In January 1814, Jane Austen sat down to write a revolutionary novel. Emma, the book she composed over the next year, was to change the shape of what is possible in fiction. Perhaps it seems odd to call Austen “revolutionary” – certainly few of the other great pioneers in the history of the English novel have thought so. From Charlotte Brontë, who found only “neat borders” and elegant confinement in her fiction, to DH Lawrence, who called her “English in the bad, mean, snobbish sense of the word”, many thought her limited to the small world and small concerns of her characters. Some of the great modernists were perplexed. “What is all this about Jane Austen?” Joseph Conrad asked HG Wells. “What is there in her? What is it all about?” “I dislike Jane … Could never see anything in Pride and Prejudice,” Vladimir Nabokov told the critic Edmund Wilson.
Austen left behind no artistic manifesto, no account of her narrative methods beyond a few playful remarks in letters to her niece, Anna. This has made it easy for novelists and critics to follow Henry James’s idea of her as “instinctive and charming”. “For signal examples of what composition, distribution, arrangement can do, of how they intensify the life of a work of art, we have to go elsewhere.” She hardly knew what she was doing, so, implicitly, the innovative novelist like James has nothing to learn from her.
There have been scattered exceptions. The year after he published More Pricks Than Kicks, the young Samuel Beckett told his friend Thomas McGreevy, “Now I am reading the divine Jane. I think she has much to teach me.” (One looks forward to the scholarly tome on the influence of Jane Austen on Samuel Beckett.) Contemporary novelists have been readier to acknowledge her genius and influence. Janeites felt a frisson of satisfaction to see that the most formally ingenious British postmodern novel of recent years, Ian McEwan’s Atonement, opens with a lengthy epigraph from Northanger Abbey. McEwan alerts the reader to the fact that his own novel learns its tricks – about a character who turns fictional imaginings into disastrous fact – from the genteel and supposedly conservative Austen.
Emma, published 200 years ago this month, was revolutionary not because of its subject matter: Austen’s jesting description to Anna of the perfect subject for a novel – “Three or four families in a country village” – fits it well. It was certainly not revolutionary because of any intellectual or political content. But it was revolutionary in its form and technique. Its heroine is a self-deluded young woman with the leisure and power to meddle in the lives of her neighbours. The narrative was radically experimental because it was designed to share her delusions. The novel bent narration through the distorting lens of its protagonist’s mind. Though little noticed by most of the pioneers of fiction for the next century and more, it belongs with the great experimental novels of Flaubert or Joyce or Woolf. Woolf wrote that if Austen had lived longer and written more, “She would have been the forerunner of Henry James and of Proust”. In Emma, she is.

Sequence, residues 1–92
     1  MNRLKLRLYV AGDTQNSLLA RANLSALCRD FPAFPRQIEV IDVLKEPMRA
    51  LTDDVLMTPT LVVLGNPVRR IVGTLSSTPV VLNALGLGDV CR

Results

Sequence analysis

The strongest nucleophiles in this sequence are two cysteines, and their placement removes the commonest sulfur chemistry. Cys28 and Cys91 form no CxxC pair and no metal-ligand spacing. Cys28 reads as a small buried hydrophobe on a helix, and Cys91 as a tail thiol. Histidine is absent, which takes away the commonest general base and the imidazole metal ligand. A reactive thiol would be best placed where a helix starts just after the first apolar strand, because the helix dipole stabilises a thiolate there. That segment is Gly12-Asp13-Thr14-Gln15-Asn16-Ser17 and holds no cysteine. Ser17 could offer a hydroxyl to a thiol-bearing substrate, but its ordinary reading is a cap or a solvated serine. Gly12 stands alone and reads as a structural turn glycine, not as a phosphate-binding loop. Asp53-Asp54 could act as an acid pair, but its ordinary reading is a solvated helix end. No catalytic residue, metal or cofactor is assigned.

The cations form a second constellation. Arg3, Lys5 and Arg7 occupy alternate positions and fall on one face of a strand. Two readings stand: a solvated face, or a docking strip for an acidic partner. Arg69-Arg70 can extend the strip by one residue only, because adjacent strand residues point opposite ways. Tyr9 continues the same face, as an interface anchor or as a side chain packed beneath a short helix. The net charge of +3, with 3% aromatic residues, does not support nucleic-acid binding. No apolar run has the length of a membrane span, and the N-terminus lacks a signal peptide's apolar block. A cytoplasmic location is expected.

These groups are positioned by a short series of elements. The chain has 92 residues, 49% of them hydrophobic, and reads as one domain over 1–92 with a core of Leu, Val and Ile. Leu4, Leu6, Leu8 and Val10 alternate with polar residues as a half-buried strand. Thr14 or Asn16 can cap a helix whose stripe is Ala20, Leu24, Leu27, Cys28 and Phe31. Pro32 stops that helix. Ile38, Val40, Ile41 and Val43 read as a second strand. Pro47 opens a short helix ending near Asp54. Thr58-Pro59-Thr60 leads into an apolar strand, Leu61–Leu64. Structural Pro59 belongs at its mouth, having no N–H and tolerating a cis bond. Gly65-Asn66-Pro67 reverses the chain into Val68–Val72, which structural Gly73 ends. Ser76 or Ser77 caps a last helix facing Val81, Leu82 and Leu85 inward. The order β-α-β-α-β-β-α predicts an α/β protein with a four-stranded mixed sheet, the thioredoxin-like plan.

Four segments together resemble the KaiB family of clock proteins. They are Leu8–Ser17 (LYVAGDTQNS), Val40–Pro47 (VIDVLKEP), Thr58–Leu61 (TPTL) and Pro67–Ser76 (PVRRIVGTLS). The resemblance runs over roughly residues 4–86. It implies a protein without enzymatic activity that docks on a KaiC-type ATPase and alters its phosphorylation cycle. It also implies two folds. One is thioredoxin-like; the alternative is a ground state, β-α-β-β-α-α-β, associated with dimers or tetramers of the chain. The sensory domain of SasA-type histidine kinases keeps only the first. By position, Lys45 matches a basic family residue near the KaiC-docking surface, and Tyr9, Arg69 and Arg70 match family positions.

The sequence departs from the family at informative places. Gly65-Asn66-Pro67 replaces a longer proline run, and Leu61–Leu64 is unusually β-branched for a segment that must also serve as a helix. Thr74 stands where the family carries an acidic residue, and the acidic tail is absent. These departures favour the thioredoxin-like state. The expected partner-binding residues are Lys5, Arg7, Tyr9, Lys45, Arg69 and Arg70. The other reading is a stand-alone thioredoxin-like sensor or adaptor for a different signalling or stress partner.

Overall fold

To measure the audacity of the book, take a simple sentence that no novelist before her could have written. Our privileged heroine has befriended a sweet, open, deeply naive girl of 17 called Harriet Smith. It is a wholly unequal relationship: Emma is the richest and cleverest woman in Highbury; Harriet is the “natural daughter of someone”, left as a permanent resident of the genteel girls’ boarding school in the town. While cultivating their relationship, Emma knows very well that Harriet is her inferior. “But in every respect as she saw more of her, she was confirmed in all her kind designs.”
The sentence is in the third person, yet we are not exactly being told something by the author. “Kind designs” is Emma’s complacent judgment of herself. Even the rhyme in the phrase makes it sound better to herself. In fact, the kindness is all in the mind of the beholder. Emma has set out to mould Harriet. Emma’s former companion, Miss Taylor, has got married and become Mrs Weston, leaving her solitary and at a loose end. Harriet will be her project. Her plans are kind, she tells herself, because she will improve this uninstructed and wide-eyed young woman. We should be able to hear, however, that her designs are utterly self-serving. Soon she is persuading Harriet to refuse a marriage proposal from a farmer who loves her, and beguiling her with the wholly illusory prospect of marriage to the smooth young vicar, Mr Elton.
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